The URSA Mini Pro 12K is the most advanced camera for digital cinematography that has ever been created, so much so that our eyes can’t even see it.
The quality, dynamic range, and frame rates that the URSA Mini Pro 12K is capable of are amazing, and the early samples that Blackmagic has released are nothing short of stunning. But, all that image detail got me thinking: Isn’t all this resolution wasted on on us? Well as it turns out, under normal viewing situations the human eye completely lacks the ability to see the full detail of not only 12K footage, but 4K too.
The human eye doesn’t operate in megapixels and frames per second like a camera, but there is an upper limit to the quality we are able to perceive directly at a glance, and also the number of frames per second we are able to differentiate depends on how alert we are at the time.
Let’s examine this footage with the help of an old but good and informative video from Knowing Better that takes us through some of the history of video resolution, and explains how vision works in the human eye.
*He kicks things off with the history of video resolution, but jump to around 11 minutes where he discusses vision.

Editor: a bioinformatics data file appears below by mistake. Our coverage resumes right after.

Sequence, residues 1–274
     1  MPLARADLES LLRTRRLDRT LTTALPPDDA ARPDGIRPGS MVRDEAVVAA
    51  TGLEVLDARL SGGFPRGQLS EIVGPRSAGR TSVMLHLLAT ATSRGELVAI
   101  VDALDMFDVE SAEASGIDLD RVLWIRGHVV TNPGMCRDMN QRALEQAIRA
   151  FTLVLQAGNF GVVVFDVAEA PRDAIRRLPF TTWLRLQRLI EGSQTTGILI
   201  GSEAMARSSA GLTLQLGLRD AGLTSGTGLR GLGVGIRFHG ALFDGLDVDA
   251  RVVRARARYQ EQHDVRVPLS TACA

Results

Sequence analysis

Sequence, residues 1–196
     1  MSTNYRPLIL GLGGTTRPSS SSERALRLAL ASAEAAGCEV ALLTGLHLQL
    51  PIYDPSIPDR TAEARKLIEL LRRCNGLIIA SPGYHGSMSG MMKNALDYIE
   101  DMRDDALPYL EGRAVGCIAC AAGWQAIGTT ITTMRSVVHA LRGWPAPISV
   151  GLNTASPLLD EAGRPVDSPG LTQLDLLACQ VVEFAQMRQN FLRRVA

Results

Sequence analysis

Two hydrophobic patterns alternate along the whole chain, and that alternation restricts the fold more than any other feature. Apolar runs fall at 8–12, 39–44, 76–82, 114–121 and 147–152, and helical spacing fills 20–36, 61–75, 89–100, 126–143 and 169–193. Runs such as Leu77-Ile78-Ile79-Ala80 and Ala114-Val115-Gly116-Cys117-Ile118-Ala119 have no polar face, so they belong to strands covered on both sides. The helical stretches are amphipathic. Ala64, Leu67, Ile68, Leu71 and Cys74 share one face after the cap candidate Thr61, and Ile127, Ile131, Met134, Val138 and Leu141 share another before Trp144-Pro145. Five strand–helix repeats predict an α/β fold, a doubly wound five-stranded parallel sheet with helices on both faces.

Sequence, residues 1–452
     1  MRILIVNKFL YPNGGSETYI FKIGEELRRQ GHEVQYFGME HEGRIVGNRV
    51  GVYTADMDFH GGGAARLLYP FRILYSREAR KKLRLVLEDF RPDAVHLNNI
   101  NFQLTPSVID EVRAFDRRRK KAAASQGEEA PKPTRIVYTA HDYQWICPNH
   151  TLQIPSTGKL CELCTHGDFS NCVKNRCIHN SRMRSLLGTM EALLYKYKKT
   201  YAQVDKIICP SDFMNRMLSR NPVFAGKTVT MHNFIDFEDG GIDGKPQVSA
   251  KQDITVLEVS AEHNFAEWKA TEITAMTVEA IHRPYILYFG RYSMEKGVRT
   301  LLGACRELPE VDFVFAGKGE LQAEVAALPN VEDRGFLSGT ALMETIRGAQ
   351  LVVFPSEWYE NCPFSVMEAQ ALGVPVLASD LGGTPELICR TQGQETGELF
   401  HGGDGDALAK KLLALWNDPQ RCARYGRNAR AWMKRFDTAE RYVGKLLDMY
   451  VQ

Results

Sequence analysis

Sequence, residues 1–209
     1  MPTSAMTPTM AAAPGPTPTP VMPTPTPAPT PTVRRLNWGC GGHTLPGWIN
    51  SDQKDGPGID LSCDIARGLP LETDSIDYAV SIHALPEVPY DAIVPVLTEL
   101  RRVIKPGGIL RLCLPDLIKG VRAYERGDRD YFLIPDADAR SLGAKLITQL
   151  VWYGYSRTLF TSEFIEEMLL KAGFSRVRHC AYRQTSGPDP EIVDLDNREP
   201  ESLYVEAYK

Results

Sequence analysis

When talking about image quality, people often say “It’s like looking through a window.” I definitely enjoy the irony in the fact that peering out of a window seems to just be the maximum capability of our eyes.
I have a fantastic 4K HDR display in my home, and I often can’t tell the difference between HD and High Resolution 4K content when I’m sitting on my couch. The added color from 4K REC2020 content is easy to spot, and I love the increase dynamic range of Dolby Vision, but I often don’t notice the fine details of a 4K signal.
So why do I need to start shooting in 12K then? Wouldn’t it just be pointless?
Rods and Cones
Similarly to how a camera sensor uses photosites to record an image, the retina in our eyes use 2 different types of photoreceptors to allow us to see. These photoreceptors are called rods and cones.